day, especially immediately following a rain, can lead to sunburn of the foliage if shading is not
attended to properly. There can still be periods of dull days where spikes can weakened owing to
the lower light. Lengthening days will mean increased metabolic rates necessitating increased
water and fertilizer. The plants will indicate needs by drying more rapidly, which means more
frequent watering and fertilizing.
With the passing of the season for winter bloomers, and the beginning of the season for spring
bloom, it is also the time to be on the lookout for plants that will need potting after they bloom.
Immediately after blooming has proven to be the best time to repot winter- and spring-flowering
cattleyas. In most cases, they will be ready to grow roots, so if potted at this time, they will root
right into fresh mix with little or no setback.
Cymbidium Plants should be putting on a spectacular show this time of year. Adjust all staking
and twist-ties and be on the lookout for aphids, slugs and snails. Give adequate water because
flowering strains the plants. As new growths appear later, increase the nitrogen level in the fertilizer. Should a plant look healthy but not be blooming, try increasing the light during the next
growing season. The number-one reason for no flowers is lack of light.
Rth. Tangerine Horses Jordons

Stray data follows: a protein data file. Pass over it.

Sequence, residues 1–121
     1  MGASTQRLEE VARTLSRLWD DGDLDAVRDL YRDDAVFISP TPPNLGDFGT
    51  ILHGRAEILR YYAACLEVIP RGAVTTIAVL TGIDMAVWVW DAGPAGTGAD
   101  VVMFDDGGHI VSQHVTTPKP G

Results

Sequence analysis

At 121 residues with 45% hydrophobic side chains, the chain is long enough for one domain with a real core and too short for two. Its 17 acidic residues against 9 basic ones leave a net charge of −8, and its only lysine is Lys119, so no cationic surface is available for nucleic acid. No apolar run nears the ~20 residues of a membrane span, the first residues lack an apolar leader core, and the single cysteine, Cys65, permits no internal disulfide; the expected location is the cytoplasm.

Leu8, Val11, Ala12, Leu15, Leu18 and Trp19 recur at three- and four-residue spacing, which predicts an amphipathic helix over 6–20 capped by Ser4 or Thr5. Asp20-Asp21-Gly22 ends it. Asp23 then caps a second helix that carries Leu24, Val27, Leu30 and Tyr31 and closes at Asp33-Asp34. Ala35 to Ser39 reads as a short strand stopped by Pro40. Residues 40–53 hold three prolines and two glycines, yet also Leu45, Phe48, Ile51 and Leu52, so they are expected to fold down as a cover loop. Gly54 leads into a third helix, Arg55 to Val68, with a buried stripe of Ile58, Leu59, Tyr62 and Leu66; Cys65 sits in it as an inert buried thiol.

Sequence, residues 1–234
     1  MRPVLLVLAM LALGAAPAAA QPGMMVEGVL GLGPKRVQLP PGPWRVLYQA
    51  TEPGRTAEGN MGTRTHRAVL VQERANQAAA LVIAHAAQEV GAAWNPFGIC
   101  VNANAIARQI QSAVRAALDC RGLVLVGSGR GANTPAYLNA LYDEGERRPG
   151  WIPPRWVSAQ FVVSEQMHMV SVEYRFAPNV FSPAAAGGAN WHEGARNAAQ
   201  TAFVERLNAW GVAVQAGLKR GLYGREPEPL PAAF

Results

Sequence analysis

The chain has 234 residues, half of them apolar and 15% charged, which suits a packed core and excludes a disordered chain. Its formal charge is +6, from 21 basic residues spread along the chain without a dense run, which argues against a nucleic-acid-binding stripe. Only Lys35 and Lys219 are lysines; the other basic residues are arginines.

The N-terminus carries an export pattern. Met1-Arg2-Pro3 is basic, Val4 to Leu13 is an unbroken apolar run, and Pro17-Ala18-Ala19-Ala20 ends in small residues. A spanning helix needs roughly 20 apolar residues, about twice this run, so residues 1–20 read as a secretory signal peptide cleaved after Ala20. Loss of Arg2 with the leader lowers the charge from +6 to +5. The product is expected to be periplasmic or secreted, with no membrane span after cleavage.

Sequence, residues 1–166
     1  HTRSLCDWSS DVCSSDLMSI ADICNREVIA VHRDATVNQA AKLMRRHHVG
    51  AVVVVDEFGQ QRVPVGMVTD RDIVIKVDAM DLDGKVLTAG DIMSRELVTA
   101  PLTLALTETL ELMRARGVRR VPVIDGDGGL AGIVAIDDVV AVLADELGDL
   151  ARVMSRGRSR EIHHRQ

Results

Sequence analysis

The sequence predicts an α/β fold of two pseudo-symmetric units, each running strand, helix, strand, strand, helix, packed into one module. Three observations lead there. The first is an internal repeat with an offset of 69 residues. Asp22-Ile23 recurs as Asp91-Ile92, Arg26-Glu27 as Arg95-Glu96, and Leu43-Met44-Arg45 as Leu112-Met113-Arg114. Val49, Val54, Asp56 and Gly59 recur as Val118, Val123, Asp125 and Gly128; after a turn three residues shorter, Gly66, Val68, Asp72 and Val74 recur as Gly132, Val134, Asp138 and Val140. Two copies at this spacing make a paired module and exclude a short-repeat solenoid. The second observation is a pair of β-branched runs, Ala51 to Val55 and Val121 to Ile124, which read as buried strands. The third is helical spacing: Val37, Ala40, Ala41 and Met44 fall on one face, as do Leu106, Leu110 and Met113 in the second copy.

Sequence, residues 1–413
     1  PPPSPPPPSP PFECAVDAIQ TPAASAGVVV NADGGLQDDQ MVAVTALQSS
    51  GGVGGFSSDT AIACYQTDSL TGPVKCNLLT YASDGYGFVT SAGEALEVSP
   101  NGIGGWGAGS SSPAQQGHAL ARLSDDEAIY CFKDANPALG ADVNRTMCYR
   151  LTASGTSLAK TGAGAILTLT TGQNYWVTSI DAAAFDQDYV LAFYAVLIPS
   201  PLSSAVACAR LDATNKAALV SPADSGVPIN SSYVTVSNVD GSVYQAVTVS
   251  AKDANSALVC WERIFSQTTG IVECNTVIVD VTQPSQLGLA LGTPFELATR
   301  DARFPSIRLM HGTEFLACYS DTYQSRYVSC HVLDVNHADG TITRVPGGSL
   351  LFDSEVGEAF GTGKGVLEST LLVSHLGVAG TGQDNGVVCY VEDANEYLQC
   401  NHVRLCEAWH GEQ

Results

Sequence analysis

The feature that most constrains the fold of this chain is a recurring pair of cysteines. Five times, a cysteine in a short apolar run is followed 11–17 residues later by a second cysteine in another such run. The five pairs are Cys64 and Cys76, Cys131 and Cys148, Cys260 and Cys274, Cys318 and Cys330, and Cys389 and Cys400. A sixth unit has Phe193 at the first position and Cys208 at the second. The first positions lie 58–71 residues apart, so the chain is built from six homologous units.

Favorite AM/AOS —Greg Allikas
Dendrobium (Australian) These hard-cane dendrobiums will be at their flowering peak now.
It is not unusual to see a specimen of this type in an orchid show boasting 1,000 flowers. The
secret with this group -- bred primarily from Dendrobium kingianum and Dendrobium speciosum - is to provide ample water, fertilizer and light during the growing season.
Lycaste This genus of superb orchids will be coming to the end of its flowering season. Soon you
will see the beginning of new root growth, which is an excellent time to repot into fresh media. As
new growth emerges, provide ample fertilizer and water. A sign of good culture is an increase in
the size of psuedobulbs with each successive year.
Miltoniopsis This marks the beginning of the flowering season. Amazing displays of color will
dazzle the grower over the next few months. Prepare your plants for optimum display by staking
spikes (if needed) and cleaning off the older yellow foliage. Do not miss the wonderful fragrance
as the flowers unfold.
Paphiopedilum March is the beginning of the season of heaviest potting for lady's-slipper orchids. However, it is a month where the volume of plants needing attention is still small. It is an
excellent month to take the time to work with your paphiopedilums before the pressure of other